Instead of handcuffing them and bringing them up on charges of fraud and racketeering, however, Obama asked the bankers politely to try to restrain themselves from spending their ill-gotten gains so conspicuously (isn't that what the ring leader always tells the others after a heist in the movies)?
The president held himself up as an example, saying that he had not yet renovated the Oval Office and was still using George W. Bush's furniture, even noting the stains on the carpet. He urged the banks to show comparable "constraint and responsibility," adding that the nation had undergone a cultural shift.
So let me get this straight. Banking elite, and other government insiders, defrauded savings accounts, pension funds, charitable funds and municipal funds here and around the globe by trading in worthless financial instruments; they manipulated markets and destroyed legitimate businesses along the way; and THEN, when that wasn't enough, they plundered the public purse in the chaos and panic surrounding the crash that they themselves caused.
And the President asks them to kindly refrain from buying new carpet?
These people are not titans. These people are racketeers. And should be treated accordingly. Or at the very least, not be invited to sit in on privileged government meetings determining bailout policy that they then profit from!
Webster's definition of 'titan': "one that stands out for greatness of achievement"
Webster's definition of 'racketeer': "one who obtains money by an illegal enterprise usually involving intimidation"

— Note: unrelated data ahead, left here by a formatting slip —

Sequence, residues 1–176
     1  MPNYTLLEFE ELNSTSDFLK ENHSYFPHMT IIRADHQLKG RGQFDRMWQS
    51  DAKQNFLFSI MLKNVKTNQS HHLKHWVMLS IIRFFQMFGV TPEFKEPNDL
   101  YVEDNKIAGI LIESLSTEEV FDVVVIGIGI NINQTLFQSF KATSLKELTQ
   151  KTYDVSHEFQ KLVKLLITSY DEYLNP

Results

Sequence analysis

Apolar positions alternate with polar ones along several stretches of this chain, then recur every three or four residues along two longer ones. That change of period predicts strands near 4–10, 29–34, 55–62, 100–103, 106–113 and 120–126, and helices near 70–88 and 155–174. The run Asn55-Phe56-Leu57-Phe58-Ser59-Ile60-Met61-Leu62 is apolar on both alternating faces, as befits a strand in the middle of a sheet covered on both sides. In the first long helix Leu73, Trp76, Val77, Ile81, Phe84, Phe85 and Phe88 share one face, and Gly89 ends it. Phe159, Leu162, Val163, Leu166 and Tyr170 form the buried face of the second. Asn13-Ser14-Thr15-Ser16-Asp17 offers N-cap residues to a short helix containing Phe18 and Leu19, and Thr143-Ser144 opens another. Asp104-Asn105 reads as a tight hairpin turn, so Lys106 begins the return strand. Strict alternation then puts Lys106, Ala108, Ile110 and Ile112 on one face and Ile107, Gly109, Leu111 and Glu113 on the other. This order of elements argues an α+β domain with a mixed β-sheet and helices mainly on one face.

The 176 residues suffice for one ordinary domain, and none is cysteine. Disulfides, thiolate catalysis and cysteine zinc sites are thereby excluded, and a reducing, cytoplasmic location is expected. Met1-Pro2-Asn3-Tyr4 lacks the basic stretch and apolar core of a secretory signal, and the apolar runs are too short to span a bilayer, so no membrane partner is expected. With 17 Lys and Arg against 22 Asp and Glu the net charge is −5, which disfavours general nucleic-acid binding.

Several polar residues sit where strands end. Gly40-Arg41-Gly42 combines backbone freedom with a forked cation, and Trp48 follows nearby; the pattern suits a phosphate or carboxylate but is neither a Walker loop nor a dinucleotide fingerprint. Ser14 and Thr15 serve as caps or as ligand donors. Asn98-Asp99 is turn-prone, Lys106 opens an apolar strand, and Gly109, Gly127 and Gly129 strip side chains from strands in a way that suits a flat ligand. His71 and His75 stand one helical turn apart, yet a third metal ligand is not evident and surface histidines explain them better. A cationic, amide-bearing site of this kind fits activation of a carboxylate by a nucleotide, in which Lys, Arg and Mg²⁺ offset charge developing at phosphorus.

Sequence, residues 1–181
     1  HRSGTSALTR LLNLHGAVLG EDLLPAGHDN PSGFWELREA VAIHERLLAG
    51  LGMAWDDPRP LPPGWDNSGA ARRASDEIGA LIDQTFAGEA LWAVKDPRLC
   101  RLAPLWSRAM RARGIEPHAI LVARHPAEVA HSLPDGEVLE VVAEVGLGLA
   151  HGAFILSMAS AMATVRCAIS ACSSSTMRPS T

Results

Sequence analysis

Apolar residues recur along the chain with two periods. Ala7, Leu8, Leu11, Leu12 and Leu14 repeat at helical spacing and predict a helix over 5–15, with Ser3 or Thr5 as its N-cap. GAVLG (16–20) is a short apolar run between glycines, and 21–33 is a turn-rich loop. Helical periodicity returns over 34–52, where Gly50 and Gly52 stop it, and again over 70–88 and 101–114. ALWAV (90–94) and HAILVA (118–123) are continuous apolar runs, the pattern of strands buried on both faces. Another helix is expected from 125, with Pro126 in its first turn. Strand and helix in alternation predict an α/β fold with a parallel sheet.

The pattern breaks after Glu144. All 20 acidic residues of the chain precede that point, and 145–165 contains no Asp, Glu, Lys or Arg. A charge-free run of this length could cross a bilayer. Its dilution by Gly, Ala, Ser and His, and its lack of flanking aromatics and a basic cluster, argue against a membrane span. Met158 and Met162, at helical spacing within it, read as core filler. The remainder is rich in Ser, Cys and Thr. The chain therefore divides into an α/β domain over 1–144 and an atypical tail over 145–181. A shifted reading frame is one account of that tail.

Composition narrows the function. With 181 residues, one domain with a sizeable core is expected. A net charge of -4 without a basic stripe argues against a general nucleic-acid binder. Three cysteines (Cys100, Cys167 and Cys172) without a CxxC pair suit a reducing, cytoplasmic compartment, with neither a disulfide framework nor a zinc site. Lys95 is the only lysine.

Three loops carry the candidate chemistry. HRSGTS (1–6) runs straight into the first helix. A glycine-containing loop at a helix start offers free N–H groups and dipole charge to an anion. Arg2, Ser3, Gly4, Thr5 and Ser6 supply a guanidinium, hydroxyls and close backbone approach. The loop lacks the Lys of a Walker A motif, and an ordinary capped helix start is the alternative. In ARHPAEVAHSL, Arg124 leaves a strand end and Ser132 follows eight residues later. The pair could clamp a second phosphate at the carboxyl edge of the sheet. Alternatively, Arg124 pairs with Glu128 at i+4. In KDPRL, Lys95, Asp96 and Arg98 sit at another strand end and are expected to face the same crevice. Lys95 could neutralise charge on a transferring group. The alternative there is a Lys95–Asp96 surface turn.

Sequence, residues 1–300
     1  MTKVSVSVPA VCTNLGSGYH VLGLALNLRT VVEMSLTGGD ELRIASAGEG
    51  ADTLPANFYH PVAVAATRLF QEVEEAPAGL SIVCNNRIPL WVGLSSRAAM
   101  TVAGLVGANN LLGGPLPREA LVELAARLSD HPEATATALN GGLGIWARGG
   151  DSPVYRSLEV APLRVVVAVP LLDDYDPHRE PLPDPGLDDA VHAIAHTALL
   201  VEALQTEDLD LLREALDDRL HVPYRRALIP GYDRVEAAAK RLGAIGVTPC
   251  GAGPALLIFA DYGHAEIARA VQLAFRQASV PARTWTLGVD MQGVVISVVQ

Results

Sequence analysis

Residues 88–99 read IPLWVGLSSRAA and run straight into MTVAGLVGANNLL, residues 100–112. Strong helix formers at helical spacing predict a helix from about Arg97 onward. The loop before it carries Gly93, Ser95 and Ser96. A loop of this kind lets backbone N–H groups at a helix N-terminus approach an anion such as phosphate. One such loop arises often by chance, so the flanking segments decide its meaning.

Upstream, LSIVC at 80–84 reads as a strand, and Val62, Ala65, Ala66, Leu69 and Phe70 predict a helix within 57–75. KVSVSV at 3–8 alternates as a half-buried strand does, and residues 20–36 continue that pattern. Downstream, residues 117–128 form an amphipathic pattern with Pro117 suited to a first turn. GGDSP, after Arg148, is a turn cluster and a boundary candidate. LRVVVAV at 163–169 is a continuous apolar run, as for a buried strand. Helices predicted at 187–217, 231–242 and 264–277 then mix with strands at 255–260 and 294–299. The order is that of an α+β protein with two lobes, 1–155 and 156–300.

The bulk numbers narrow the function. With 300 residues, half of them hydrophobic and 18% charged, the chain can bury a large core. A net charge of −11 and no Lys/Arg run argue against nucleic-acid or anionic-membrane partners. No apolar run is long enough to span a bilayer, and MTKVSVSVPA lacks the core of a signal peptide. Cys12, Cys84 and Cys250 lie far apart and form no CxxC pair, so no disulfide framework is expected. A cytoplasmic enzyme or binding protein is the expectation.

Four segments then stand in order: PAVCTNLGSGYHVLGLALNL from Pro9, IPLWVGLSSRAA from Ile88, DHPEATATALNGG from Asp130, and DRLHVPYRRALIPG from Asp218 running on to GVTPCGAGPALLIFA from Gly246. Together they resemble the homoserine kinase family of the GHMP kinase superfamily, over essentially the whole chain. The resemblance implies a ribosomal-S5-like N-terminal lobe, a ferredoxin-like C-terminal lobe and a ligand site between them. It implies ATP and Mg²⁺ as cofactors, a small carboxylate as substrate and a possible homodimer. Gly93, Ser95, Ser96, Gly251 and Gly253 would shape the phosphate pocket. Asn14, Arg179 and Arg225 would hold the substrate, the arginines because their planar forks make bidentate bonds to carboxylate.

Goldman Sachs Hank Paulson threatened the taxpayer with a market meltdown if we didn't give bankers $700 billion. And $180 billion to AIG. And $5 trillion to Fannie Mae and Freddie Mac. And, what is it? $3 trillion now on the Fed balance sheet? And every step along the way, we were told if they didn't take this money from us, everything would crash.
Of course, this state of racketeering continues because the same racketeers have taken control of our government as reported in The Atlantic:
The crash has laid bare many unpleasant truths about the United States. One of the most alarming, says a former chief economist of the International Monetary Fund, is that the finance industry has effectively captured our government--a state of affairs that more typically describes emerging markets, and is at the center of many emerging-market crises.
And in his experience in emerging economy crises the former IMF economist, Simon Johnson, found that most crises were brought about by the same sort of corrupt insider risk taking and moral hazard that happened in the US under the 'Greenspan put'. The crash, however, would turn into a full scale sovereign meltdown because the politicians refused to "squeeze" the oligarchs.
. .. at the outset of the crisis, the oligarchs are usually among the first to get extra help from the government, such as preferential access to foreign currency, or maybe a nice tax break, or--here's a classic Kremlin bailout technique--the assumption of private debt obligations by the government. Under duress, generosity toward old friends takes many innovative forms. Meanwhile, needing to squeeze someone, most emerging-market governments look first to ordinary working folk--at least until the riots grow too large.
President Obama. Step away from the Goldman Sachs banker and smell the Revolution brewing! People are angry. "Squeeze" the oligarchs.
My suggestion: RICO
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